1. Sister Rosetta Tharpe, a black woman, is considered by many to be the "Godmother of Rock and Roll." Her electric guitar playing and unique vocal style in the 1930s and 1940s influenced many of the genre's legends, including Elvis Presley and Chuck Berry.

The Inventor of the Super Soaker

  1. Lonnie G. Johnson, an engineer and former NASA scientist, invented the Super Soaker water gun. His invention became one of the most popular toys of the late 20th and early 21st centuries.

The First Black Billionaire

  1. Robert L. Johnson became the first African American billionaire when he sold the cable channel BET (Black Entertainment Television) to Viacom in 2001. His success paved the way for future generations of black entrepreneurs.

A Hidden Architectural Genius

  1. Paul R. Williams overcame racial barriers to become a celebrated architect. Designing more than 2,000 buildings, his work includes homes for Hollywood stars and public buildings such as the Los Angeles County Courthouse. Despite his success, he had to learn to draw upside down because many clients were uncomfortable sitting next to him due to his race.

The Integration of Professional Sports

  1. Jackie Robinson is well-known for breaking Major League Baseball's color barrier in 1947. Less known is Charles Follis, who became the first black professional football player in 1904, playing for the Shelby Blues of the "Ohio League," a direct predecessor to the NFL.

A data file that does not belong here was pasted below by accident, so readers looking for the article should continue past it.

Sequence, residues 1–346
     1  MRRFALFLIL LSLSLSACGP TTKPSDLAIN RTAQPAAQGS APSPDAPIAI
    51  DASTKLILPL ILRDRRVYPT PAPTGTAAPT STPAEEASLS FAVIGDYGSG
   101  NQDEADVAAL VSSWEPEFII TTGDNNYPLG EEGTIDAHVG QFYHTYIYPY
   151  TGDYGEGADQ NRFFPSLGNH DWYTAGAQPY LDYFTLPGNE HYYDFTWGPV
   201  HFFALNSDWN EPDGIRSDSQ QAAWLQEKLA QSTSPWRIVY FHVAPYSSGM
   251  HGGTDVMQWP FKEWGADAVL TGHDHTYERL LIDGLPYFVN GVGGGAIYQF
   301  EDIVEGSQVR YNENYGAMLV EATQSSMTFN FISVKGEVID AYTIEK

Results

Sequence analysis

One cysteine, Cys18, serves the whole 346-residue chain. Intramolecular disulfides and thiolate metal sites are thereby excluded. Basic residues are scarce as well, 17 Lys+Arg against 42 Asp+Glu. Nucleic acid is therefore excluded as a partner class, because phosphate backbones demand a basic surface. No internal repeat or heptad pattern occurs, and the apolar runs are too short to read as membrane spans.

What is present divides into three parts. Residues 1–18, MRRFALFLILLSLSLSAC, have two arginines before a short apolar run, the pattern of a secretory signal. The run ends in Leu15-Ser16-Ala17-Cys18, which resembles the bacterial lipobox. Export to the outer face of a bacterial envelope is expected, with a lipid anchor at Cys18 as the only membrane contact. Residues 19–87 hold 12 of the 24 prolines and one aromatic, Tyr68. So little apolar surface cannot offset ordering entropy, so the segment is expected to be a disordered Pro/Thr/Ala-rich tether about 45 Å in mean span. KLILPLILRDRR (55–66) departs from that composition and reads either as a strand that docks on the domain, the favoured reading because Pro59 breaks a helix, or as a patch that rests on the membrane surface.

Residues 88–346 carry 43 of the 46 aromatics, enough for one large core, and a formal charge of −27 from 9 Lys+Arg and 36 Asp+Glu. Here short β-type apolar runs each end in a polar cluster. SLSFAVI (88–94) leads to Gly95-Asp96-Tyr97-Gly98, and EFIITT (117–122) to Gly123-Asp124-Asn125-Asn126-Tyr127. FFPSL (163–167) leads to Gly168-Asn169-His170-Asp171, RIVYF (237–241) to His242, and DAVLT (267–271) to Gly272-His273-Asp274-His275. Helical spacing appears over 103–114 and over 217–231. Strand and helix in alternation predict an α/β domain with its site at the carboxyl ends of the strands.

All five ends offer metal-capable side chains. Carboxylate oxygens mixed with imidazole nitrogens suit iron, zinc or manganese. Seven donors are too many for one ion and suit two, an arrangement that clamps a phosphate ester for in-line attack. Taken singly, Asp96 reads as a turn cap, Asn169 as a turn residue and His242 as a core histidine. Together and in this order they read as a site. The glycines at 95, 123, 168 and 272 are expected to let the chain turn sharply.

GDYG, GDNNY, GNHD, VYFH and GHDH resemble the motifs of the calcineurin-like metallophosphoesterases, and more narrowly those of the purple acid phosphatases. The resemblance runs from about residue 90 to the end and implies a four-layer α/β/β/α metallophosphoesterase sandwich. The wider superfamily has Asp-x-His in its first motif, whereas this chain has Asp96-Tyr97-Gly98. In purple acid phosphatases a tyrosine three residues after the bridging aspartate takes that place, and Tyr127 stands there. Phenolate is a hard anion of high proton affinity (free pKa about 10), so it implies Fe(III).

A Trailblazer in Literature

  1. Phillis Wheatley became the first African American author of a published book of poetry in 1773. Kidnapped from West Africa and sold into slavery, Wheatley's profound literary talent challenged prevailing attitudes about race and education.

The Underground Railroad's "Moses"

  1. Harriet Tubman is celebrated for her role as a conductor on the Underground Railroad, leading slaves to freedom. What's less known is her service as a scout, spy, and nurse during the Civil War, further cementing her legacy as a leader and warrior.

The First African American Woman to Travel in Space

  1. In 1992, Dr. Mae Jemison became the first African American woman to travel in space aboard the Space Shuttle Endeavour. Before her historic flight, Jemison was a doctor and served in the Peace Corps.

A Pioneer in Education

  1. Booker T. Washington was one of the foremost African American educators of the 19th and 20th centuries. He founded the Tuskegee Institute, a black school in Alabama, in 1881, focusing on teaching practical skills rather than academic subjects alone.

The First Black Supreme Court Justice

  1. Thurgood Marshall was the first African American appointed to the U.S. Supreme Court. Before his appointment in 1967, Marshall was best known for his victory in Brown v. Board of Education, which led to the desegregation of public schools.

A Leader in Environmental Justice

  1. Hazel M. Johnson, known as the "mother of environmental justice," began her activism in the 1970s after noticing the high incidence of cancer and other diseases in her predominantly black Chicago neighborhood. Her efforts led to greater national awareness of environmental racism.

The Father of Black History

  1. Carter G. Woodson, often called the "Father of Black History," dedicated his life to African American historical research and was instrumental in the establishment of Black History Month. His work laid the foundation for the study and appreciation of African American history as an integral part of American history.

A Voice for Civil Rights

  1. Ida B. Wells was a pioneering African American journalist and activist who led an anti-lynching crusade in the United States in the 1890s. Her investigative journalism laid bare the horrors of lynching and helped mobilize the anti-lynching movement.